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Ku­ra co-founder heads to Asian mul­ti-na­tion­al as biotech eyes the goal posts for lead drug

Six years after Kura Oncology snagged a farnesyl transferase inhibitor from J&J and leapt straight into clinical development, one of the biotech’s founders is leaving to start a new chapter in his career.

CMO and development chief Antonio Gualberto is exiting the company, and Kura — led by longtime biotech entrepreneur Troy Wilson — is on the hunt for a replacement. Wilson credited the CMO for some key biomarker work, including the discovery of the CXCL12 pathway as a target of their lead drug tipifarnib. Those biomarkers are being relied on to define the patient population most likely to benefit from the drug.

FDA waves Epizyme's $186K rare can­cer drug through to mar­ket — now get ready for the sec­ond act

After winning the hearts of the expert panel convened by the FDA despite a bleak in-house review and a checkered development history, Robert Bazemore has steered Epizyme to its first-ever OK for a rare cancer drug.

The approval in epithelioid sarcoma sets tazemetostat, now Tazverik, up nicely for a quick expansion to follicular lymphoma — a much bigger indication for which the biotech has just submitted an NDA.

2019 a 'trans­for­ma­tive year' for phar­ma M&A. Is that a good thing?

Big Pharma keeps getting bigger.

Fueled by the mega-mergers between Bristol-Myers Squibb and Celgene and between Allergan and AbbVie, the industry last year saw $350 billion worth of M&A, according to the new year-end report from the consultants at PwC.  That’s a more than 50% increase on 2018.

“I kind of look at 2019 as a transformational year,” report author Glen Hunzinger told Endpoints News. 

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Stephen Hahn, AP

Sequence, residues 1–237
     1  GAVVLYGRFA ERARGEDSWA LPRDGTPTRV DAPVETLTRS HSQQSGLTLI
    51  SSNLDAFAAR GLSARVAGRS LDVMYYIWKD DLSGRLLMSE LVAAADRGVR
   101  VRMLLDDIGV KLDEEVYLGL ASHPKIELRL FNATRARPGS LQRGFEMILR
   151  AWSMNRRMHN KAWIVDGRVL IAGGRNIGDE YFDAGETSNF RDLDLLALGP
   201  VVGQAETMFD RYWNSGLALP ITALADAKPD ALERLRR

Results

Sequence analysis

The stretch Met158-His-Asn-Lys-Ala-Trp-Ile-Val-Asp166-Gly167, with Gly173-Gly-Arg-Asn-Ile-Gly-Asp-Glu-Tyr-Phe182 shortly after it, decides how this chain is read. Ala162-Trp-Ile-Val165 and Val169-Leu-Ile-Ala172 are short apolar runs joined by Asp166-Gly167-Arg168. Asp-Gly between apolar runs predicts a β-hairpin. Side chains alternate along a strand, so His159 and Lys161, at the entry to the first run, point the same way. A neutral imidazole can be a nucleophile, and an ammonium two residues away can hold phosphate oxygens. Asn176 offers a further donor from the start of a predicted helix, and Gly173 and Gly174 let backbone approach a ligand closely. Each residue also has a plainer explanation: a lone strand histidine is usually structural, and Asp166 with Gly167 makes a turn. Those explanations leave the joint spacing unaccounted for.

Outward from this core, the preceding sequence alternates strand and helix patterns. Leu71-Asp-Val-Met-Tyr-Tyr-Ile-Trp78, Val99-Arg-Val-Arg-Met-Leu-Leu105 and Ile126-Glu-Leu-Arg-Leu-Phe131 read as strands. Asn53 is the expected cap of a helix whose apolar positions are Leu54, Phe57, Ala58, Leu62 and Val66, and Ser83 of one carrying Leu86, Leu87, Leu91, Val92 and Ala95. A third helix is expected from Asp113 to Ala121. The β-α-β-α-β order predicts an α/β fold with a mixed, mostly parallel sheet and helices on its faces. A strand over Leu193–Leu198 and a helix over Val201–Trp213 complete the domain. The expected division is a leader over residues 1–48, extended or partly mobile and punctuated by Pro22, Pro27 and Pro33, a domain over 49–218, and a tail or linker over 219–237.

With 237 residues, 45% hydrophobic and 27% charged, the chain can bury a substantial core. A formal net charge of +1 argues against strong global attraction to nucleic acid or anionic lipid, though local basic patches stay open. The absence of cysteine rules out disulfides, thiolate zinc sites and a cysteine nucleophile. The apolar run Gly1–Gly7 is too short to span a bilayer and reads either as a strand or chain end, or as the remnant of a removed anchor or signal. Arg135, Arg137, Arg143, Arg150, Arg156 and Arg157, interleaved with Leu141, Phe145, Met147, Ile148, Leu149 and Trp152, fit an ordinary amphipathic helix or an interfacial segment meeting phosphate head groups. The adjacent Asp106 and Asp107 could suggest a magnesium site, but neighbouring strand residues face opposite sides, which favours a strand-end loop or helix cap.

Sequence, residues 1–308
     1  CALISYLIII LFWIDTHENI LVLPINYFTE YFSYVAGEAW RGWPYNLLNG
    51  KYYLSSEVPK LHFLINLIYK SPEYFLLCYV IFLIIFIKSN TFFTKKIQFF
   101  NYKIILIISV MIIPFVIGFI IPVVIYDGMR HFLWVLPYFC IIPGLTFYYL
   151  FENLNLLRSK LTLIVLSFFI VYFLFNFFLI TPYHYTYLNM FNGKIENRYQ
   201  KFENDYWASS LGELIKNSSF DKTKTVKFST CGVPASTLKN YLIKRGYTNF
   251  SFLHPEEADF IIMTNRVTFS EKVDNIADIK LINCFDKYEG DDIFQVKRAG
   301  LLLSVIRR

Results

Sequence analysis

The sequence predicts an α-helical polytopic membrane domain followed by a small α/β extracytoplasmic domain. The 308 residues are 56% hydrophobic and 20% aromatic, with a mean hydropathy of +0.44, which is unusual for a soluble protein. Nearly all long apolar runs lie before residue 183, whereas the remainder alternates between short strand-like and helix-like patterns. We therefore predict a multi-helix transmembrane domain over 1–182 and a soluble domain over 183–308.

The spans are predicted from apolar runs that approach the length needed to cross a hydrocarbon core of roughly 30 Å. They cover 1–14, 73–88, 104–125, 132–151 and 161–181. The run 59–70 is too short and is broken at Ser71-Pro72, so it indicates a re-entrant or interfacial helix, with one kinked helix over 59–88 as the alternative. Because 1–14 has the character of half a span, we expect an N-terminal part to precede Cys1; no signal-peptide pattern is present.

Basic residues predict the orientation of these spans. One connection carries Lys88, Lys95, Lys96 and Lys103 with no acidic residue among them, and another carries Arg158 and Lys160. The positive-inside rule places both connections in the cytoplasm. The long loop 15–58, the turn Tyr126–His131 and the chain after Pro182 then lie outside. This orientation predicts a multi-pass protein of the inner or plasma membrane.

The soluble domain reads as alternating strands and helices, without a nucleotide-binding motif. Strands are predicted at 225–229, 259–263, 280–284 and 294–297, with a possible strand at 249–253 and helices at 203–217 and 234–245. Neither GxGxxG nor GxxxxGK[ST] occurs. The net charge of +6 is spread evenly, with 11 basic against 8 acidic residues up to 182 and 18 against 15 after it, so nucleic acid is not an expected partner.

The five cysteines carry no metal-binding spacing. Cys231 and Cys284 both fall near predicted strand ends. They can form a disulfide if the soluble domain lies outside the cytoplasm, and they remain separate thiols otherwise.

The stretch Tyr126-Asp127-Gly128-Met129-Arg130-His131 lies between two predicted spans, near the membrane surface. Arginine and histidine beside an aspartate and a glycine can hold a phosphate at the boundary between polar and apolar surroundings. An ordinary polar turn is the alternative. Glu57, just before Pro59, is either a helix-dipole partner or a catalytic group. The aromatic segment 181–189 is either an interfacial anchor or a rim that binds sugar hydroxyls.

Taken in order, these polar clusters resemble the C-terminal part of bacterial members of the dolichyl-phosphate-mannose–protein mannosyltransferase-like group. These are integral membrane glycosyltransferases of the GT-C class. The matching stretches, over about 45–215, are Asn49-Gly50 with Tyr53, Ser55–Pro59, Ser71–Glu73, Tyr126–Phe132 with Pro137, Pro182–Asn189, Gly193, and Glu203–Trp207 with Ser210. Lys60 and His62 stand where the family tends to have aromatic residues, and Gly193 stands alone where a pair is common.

The FDA has de­val­ued the gold stan­dard on R&D. And that threat­ens every­one in drug de­vel­op­ment

Bioregnum Opinion Column by John Carroll

A few weeks ago, when Stephen Hahn was being lightly queried by Senators in his confirmation hearing as the new commissioner of the FDA, he made the usual vow to maintain the gold standard in drug development.

Neatly summarized, that standard requires the agency to sign off on clinical data — usually from two, well-controlled human studies — that prove a drug’s benefit outweighs any risks.

Over the last few years, biopharma has enjoyed an unprecedented loosening over just what it takes to clear that bar. Regulators are more willing to drop the second trial requirement ahead of an accelerated approval — particularly if they have an unmet medical need where patients are clamoring for a therapy.

That confirmatory trial the FDA demands can wait a few years. And most everyone in biopharma would tell you that’s the right thing for patients. They know its a tonic for everyone in the industry faced with pushing a drug through clinical development. And it’s helped inspire a global biotech boom.